Lawmakers Mull Protections For Whistleblowers

Apr 1, 2014

Jed Guertin had compiled more than enough evidence of wrongdoing. The hard part was finding someone who’d listen to him.

It was 1994, and Guertin was a computer systems specialist at what was then the Department of Travel and Tourism. Guertin’s supervisor had sought to steer a valuable software contract toward a firm that had no business winning the bid.

“I go through as many reasonable stages as I can to try and get the people who are above me to say, ‘Stop this. This is, you know, this isn’t the way it’s supposed to be,’” Guertin says.

Unable to solve the problem internally, Guertin blew the whistle publicly. And when his supervisor learned of his breach, Guertin quickly found himself frozen out at the government agency he’d spent 12 years climbing the ladder.

"You become the bad guy. A snitch is a snitch is a snitch." - Jed Guertin, a whistleblower who was denounced and later praised

“You become the bad guy. A snitch is a snitch is a snitch,” Guertin says. “That’s the reality of it."

Guertin, a Montpelier resident who went on to win a small cash settlement for his treatment at the hands of his superiors – along with an official letter praising his accomplishments on behalf of the department, is among the voices calling on lawmakers to strengthen whistleblower protections.

State Auditor Doug Hoffer says the state needs to do more to encourage government employees to expose abuses of power. But he says state workers risk their careers and reputations when they come forward. And Hoffer is asking lawmakers to preserve the anonymity of whistleblowers who come forward with evidence of bureaucratic misdeeds.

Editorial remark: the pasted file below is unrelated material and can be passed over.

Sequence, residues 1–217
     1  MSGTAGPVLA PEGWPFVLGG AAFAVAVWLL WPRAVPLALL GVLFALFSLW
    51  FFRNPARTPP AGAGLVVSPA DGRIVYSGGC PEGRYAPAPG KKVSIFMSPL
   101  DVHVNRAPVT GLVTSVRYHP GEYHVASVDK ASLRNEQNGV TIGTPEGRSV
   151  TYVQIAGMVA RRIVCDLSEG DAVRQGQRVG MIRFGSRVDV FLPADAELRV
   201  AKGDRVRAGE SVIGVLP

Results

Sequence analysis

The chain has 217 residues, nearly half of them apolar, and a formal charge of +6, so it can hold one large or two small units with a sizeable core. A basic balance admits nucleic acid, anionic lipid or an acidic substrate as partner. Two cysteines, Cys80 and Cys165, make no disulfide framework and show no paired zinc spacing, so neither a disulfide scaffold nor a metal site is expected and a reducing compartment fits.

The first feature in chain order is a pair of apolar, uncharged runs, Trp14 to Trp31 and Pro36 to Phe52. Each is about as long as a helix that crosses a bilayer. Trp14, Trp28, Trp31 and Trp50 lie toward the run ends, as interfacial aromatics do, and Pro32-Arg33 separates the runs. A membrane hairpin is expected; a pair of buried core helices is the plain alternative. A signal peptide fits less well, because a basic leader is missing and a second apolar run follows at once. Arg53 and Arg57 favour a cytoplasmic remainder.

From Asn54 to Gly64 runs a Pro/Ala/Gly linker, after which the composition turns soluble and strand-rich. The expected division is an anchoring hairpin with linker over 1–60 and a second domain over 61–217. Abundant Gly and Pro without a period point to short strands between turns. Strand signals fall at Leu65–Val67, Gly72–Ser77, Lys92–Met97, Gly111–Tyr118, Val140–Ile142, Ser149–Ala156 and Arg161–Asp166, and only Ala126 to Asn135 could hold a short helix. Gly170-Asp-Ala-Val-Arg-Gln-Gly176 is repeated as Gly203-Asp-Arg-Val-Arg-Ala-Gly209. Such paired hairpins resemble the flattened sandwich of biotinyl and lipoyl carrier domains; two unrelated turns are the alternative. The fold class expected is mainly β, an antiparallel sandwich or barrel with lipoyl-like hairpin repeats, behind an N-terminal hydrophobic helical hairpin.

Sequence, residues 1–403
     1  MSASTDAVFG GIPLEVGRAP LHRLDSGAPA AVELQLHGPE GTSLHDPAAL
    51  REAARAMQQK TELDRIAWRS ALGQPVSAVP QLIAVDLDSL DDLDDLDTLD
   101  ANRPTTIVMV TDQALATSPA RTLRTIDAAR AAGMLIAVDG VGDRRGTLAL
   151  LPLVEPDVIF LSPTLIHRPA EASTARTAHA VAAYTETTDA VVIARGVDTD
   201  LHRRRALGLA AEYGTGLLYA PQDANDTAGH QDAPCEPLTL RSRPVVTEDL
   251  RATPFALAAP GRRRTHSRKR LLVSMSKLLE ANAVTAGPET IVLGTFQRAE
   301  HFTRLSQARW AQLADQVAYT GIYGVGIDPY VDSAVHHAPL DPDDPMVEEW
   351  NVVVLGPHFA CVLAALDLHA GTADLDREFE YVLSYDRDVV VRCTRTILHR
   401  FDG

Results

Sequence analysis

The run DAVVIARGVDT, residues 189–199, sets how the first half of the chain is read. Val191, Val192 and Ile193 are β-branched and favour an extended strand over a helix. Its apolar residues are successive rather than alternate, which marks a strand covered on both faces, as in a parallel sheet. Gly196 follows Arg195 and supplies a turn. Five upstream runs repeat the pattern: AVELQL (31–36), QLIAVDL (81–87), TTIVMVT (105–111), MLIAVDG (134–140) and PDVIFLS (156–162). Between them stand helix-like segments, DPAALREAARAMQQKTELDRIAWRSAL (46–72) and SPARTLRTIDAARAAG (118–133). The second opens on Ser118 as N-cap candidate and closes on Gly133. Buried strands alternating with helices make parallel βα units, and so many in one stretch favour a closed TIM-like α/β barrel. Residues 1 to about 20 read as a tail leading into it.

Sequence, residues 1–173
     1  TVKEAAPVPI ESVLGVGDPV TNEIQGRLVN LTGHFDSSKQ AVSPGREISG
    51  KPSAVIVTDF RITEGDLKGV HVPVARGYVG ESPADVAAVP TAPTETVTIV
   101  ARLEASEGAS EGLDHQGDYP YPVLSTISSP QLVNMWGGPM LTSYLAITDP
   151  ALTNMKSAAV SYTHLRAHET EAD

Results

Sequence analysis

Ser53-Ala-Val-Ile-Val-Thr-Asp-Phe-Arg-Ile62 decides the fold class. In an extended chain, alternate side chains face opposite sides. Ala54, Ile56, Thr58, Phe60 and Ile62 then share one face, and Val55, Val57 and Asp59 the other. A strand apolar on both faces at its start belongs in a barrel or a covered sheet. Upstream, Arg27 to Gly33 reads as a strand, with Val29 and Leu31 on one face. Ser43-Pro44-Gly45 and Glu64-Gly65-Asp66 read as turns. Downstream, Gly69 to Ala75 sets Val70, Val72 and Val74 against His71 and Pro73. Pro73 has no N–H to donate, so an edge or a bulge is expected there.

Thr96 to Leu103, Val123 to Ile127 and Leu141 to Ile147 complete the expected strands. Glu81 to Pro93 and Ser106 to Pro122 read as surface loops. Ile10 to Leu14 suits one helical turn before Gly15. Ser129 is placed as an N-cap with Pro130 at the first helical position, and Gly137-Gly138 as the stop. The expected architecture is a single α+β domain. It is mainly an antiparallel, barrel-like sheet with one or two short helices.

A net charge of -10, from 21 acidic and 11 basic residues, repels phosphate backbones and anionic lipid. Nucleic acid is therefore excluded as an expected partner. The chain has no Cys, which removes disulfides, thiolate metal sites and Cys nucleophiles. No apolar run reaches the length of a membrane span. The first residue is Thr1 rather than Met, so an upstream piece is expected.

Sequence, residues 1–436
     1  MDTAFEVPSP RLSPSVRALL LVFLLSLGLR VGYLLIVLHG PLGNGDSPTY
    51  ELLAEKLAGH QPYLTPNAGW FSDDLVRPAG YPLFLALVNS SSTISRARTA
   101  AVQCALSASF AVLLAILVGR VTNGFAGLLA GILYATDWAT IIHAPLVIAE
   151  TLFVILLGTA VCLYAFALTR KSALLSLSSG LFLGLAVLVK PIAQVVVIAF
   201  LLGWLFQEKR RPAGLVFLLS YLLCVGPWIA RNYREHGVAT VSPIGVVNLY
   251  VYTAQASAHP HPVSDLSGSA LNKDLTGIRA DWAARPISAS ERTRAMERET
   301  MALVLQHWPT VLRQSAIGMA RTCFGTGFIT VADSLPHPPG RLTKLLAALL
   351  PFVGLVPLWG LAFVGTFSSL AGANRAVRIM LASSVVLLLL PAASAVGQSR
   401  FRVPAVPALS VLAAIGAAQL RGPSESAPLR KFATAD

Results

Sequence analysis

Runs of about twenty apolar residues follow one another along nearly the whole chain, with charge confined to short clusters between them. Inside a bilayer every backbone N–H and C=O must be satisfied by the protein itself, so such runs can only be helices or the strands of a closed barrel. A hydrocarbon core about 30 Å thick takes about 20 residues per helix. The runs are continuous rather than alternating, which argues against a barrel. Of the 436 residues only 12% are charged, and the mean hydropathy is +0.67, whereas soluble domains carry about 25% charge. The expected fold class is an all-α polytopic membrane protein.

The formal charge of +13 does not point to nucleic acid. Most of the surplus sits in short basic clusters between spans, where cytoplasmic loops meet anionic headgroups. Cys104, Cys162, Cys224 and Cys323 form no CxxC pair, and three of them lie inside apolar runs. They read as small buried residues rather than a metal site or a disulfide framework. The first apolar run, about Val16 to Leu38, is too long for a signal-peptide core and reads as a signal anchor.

“You don’t want people to think, 'Oh, I have to hire a lawyer, and go through the process before I can just find some safe place and tell someone what I know,'” Hoffer says. “And that’s what I want to do, is create a safe place.”

During his time in office, Hoffer says he hasn’t seen many employees claim abuse of government resources. But he says there’s no doubt it’s happening.

“Because this is a $5 billion enterprise staffed by human beings. It doesn’t matter whether you’re a private-sector company or a state or a city,” Hoffer says. “It’s not uncommon. It’s always been the way that there are abuses of power.”

"This is a $5 billion enterprise staffed by human beings. It doesn’t matter whether you're a private-sector company or a state or a city ... It's always been the way that there are abuses of power.” - Doug Hoffer, state auditor

Kate Duffy, the commissioner of the Department of Human Resources, says the people managing state government have a vested interest in ensuring that bad actors are exposed. Duffy says the state already has a whistleblower protection statute.

“But the auditor did indicate that he had had a situation where he felt that there was a need to protect a whistleblower,” Duffy says. “And to me if that’s what it takes, I mean if it’s one person or it’s 20, we want to make sure that people feel that they’re protected under our whistleblower laws.”

The House earlier this year approved legislation that would guarantee anonymity for state employees who come to Hoffer’s office with evidence of fraud or abuse. The Vermont-ACLU has raised concerns about the bill’s impact on open government. But the legislation looks to have a clear path through the Senate.

Guertin says anonymity will be helpful. But he says the state also needs to devise a better process for vetting legitimate allegations of abuse.